Something amazing happened to me during my last maternity leave last summer – I finally got my Starbucks Gold Card in the mail. I say finally, not because it took me so long to work up enough points to earn the card (if you know me, you know I can find a Starbucks in any town at any time with my eyes closed) , but because it took an ETERNITY for my card to arrive. But arrive it did, and I’ve used it on a daily basis every day since then. We’ve had a lovely relationship. But, it’s over. I’ve fallen for something else and I’ve fallen hard.
The first time I used my Starbucks mobile card, I remember feeling nervous. What if it didn’t work? What if I held up the whole line standing there trying over and over again while people behind me grew angry, their caffeine withdrawal causing them to yell at me with maniacal fury “Come on lady, use your wallet like the rest of us!” But I had to try it. I try all new gadgets and technologies. I was one of the first to try the mobile boarding passes from Continental and that seemed FAR more precarious. I took out my iPhone. Yet I couldn’t help myself – “Oh, I have this mobile thing. Can I use it?” It took all of .5 seconds to go through and I was on my way. It immediately displayed my new balance. It was wonderful. I haven’t looked back since.
Now I find myself wanting to use my phone to pay for everything. At the grocery store, at the deli. Why should I have to carry around these plastic cards? There are so many of them just taking up space in my wallet, chaining me to what now seems like such an archaic piece of leather in my bag. And I feel sure the day will come, when I’m able to take out my phone and use it to pay for whatever I want. When whether or not a store has a mobile payment option will be a deciding factor for me when I’m looking to purchase something. 25 different rewards cards in my bag? No thanks, store rewards should all just load right onto my phone and I should be able to view my rewards history immediately and easily. It’s progress and it’s coming. Thank goodness. And I wonder if my kids will look back at us with our fat wallets stuffed with paper and metal coins (what is the deal with these ridiculous coins we’re all still carrying around?!) and laugh the way young people today laugh at how we used to walk around the city with a discman and 10 CDs in our bags?
As I stood waiting for my burrito on Wooster this afternoon, I decided to waste the 20-minute wait time (these are VERY popular burritos) fiddling with my iPhone, as I often do when I’m bored. Went to Twitter to post my message “Waiting for magical burrito at Wooster. Line is long, but burrito is worth it.” but I was thwarted by an error message. Twitter’s instability is apparently legendary, so what could I expect? Big deal, though, right? Who cares about my magical burrito? Yet, it bothered me. Suddenly I needed to get the word out about waiting for my magical burrito. Where I started off not really caring, that error message suddenly made me anxious about not being able to post my message. Perhaps that says something about my own narcissistic tendancies than anything and I should let it go. Willing to concede that point, I moved on.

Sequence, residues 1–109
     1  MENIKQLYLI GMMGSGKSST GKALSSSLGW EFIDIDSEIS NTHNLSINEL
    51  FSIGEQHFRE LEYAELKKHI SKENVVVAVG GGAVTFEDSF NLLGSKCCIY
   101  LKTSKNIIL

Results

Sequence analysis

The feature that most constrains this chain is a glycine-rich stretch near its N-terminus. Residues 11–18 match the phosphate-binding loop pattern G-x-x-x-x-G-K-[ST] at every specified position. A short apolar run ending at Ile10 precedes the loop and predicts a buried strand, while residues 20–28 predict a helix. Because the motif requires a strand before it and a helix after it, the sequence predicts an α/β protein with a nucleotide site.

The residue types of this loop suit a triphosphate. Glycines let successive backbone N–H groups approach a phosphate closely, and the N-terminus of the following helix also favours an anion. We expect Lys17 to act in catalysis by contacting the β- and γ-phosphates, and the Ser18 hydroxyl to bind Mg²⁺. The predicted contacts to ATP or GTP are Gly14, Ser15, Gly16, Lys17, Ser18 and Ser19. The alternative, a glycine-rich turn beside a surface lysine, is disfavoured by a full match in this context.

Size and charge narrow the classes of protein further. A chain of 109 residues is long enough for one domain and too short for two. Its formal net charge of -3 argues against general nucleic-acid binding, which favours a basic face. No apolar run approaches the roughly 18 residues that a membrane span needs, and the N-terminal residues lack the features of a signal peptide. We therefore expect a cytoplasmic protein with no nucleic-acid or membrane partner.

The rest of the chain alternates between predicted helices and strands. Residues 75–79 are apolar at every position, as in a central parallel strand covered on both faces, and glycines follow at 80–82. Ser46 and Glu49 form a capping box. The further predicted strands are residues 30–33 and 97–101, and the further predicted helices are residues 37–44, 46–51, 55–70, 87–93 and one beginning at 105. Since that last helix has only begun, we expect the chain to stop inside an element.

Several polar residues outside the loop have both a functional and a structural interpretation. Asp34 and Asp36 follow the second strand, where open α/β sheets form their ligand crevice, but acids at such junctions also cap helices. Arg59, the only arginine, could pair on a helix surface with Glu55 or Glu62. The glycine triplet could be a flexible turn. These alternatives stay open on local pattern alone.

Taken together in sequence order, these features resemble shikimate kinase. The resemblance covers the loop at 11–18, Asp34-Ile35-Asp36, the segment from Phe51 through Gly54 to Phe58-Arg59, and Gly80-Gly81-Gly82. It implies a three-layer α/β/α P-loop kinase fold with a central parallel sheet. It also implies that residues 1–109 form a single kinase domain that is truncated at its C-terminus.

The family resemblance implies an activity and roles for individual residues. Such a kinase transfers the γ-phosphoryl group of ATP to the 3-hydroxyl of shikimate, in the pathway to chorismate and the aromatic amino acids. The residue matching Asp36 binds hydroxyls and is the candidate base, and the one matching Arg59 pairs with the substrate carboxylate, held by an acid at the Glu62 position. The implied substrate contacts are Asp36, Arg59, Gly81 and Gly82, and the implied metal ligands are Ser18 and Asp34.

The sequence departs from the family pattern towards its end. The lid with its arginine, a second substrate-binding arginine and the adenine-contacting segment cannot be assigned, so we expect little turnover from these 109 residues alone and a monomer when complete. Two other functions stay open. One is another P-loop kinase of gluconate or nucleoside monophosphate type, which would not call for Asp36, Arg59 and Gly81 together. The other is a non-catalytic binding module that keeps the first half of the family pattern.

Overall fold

I went to FriendFeed. As I looked through my friends’ links, I saw a couple that I wanted to mark as Like. But where is my Like link?! Not there! Did I miss it or is it not available on the iPhone version of FriendFeed? Tragedy!
After all this and the my experience with the iPhone version of LinkedIn, am I destined to be unhappy with all iPhone sites? Or am I simply impatient and need to wait for them to work out the kinks?
Nice write up on TechCrunch about Nrme, a location-based twitter type of app for the iPhone. What does it say about me that my first reaction was that people are going to send creepy messages like “I’m right behind you” or “I’m about to drop something on your head”? Clearly, my twisted paranoid mind is keeping me from really enjoying the idea of this application. No doubt I’ll give it a try, but I’m not sure a 9 block radius is really enough. Honestly, I’m not sure in what capacity I’d really use Nrme. I subscribe to an extremely useful list called Clever Commuter that is used to send out commuting warnings, questions and alternate route suggestions via email. This way, if there’s trouble in the tunnel for instance, I can just stay at work a bit longer and save myself the headache of standing in a 5,000 mile long line of angry commuters. Or I can opt for the train over the bus. Now that I’ve used Clever Commuter for the past year, I can’t imagine myself living without it, but the purpose of the service is very specific and there’s no limitation on proximity. A TC commenter makes the good point that iPhone doesn’t run apps in the background so you would need to actually keep this open all the time. That won’t work for someone as OCD as myself. What about spam? I wouldn’t put it past some clever marketers to start abusing Nrme as a way to get the word out about sales or appearances.
I may decide to send “Is there a Starbucks around here?” messages just for fun.